Pesty Word Bullet List Problem

I am sure we all encountered the problem in Word that when you type a number in front of a sentence, as soon as you hit the space button, that number become a numbered list. If that is what you want, it is perfect because you automatically get a bullet point item. But sometimes we do not want a bullet list, or we want a bullet list, but we want a different number. So how to correct the auto behavior? In Word, there is an easy fix to handle two kinds of situations.

First kind is if you want your list to start with a different number, simply right click any where in the numbered paragraph, and choose either the option of restart at 1, continuing numbering and so on.

Second type is if you do not want the automatic numbering at all, go under the Word options and then choose proofing, and then AutoCorrectOptions, unselect automatic bullet lists and automatic numbered lists.

This will eliminate the stubborn Word bullet lists or numbered lists problem.


Social Media and Pitfalls for Attorneys

ABA Rules of Professional Conduct was amended in August 2012 to include a technology competency requirement (comment 8 to Rule 1.1). Up till now, that amendment for a duty of technology competency has been adopted by 14 states. But how to measure attorney’s technology competency and ensure that they have the technology competency? No exclusive lists of technology competency exist. But generally, the following knowledge lays down the baseline for technology competency:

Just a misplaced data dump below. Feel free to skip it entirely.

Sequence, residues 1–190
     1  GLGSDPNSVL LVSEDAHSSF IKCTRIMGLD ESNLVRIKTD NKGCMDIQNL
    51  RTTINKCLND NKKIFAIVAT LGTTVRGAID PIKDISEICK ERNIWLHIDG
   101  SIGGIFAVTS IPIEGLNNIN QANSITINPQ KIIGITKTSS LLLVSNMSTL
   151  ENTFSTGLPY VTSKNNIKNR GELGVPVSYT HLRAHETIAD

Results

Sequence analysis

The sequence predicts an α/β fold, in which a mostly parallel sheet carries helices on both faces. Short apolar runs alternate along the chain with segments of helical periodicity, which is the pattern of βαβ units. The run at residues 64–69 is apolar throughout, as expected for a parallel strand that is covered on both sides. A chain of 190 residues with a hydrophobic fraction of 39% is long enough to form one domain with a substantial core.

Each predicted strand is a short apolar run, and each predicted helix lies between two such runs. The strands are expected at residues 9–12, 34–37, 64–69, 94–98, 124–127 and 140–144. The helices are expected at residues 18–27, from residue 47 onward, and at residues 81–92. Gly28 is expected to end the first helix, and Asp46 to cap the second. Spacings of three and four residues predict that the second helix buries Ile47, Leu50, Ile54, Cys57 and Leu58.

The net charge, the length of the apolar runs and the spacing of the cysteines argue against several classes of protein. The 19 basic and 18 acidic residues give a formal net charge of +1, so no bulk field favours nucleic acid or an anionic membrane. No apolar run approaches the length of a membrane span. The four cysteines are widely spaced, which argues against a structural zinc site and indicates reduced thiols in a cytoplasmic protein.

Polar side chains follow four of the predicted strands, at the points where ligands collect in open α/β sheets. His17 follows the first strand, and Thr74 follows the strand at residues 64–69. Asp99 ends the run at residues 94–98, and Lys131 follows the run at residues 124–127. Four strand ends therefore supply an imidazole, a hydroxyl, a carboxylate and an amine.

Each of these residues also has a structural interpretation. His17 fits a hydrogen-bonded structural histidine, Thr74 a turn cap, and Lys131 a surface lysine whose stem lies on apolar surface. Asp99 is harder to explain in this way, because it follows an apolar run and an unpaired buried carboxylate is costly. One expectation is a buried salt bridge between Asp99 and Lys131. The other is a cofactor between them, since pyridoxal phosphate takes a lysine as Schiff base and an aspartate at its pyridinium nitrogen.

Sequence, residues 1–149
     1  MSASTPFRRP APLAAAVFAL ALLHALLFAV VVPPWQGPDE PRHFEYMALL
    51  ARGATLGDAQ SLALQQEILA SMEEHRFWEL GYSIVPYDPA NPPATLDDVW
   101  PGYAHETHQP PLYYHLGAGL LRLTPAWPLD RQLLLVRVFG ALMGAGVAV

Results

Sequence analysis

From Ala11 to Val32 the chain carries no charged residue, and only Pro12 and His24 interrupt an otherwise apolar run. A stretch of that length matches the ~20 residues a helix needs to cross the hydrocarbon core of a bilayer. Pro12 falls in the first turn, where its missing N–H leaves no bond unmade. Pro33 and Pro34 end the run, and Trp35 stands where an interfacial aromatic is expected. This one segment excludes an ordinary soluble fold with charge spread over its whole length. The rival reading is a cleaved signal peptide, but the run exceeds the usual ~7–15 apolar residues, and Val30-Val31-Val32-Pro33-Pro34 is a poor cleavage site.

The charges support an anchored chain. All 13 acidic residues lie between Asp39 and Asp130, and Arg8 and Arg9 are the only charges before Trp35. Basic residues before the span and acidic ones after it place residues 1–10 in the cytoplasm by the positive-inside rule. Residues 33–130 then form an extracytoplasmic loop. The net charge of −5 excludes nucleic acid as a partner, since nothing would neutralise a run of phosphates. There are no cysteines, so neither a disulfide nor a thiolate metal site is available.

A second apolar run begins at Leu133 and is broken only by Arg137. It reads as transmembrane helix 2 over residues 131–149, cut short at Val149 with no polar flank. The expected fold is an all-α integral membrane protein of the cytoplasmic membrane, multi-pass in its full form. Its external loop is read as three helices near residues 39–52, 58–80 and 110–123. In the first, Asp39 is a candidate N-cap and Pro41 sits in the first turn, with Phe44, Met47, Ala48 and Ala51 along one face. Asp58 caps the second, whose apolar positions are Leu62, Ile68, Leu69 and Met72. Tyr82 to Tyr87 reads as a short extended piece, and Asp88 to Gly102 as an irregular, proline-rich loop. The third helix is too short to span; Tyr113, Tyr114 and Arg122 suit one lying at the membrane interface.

1. Know how different social media sites work, at the minimum, facebook and tweet and of course there are others, such as Instagram. The security settings on those apps in your phones so you do not share with the whole world the confidential information about your client.
2.Social media knows no privacy, so act like a lawyer. And avoid behaviors that could be perceived as communicating or influencing judges, witnesses and other officials.
3. When providing legal advice, stick to general statement and not offer specific advice to avoid the forming of attorney-client information.
4.Watch out for the taboo words in advertising in social media, such as specialties when you are not specially certified.

The pitfalls exist for social media because attorneys think they can control the two lives, one public and one private, but most times they can not because the mobile technology is developing rapidly. The borders are merging between different ways of communications.


Surface 3 Pro and then Surface Hub

I am recommending our faculty members to buy Surface 3 Pro for their work on the go. This device, coupled with the Office 365, can be a powerful duo for people who mostly use emails and Word. When they work in their office, they can use their desktop machine which also uses Office 365, so files can be synced across multiple devices.

The one device I think is really appealing is the 84″ Surface Hub. That can really brighten up a presentation, but at hefty price tag of $20,000.


Technology Training for Lawyers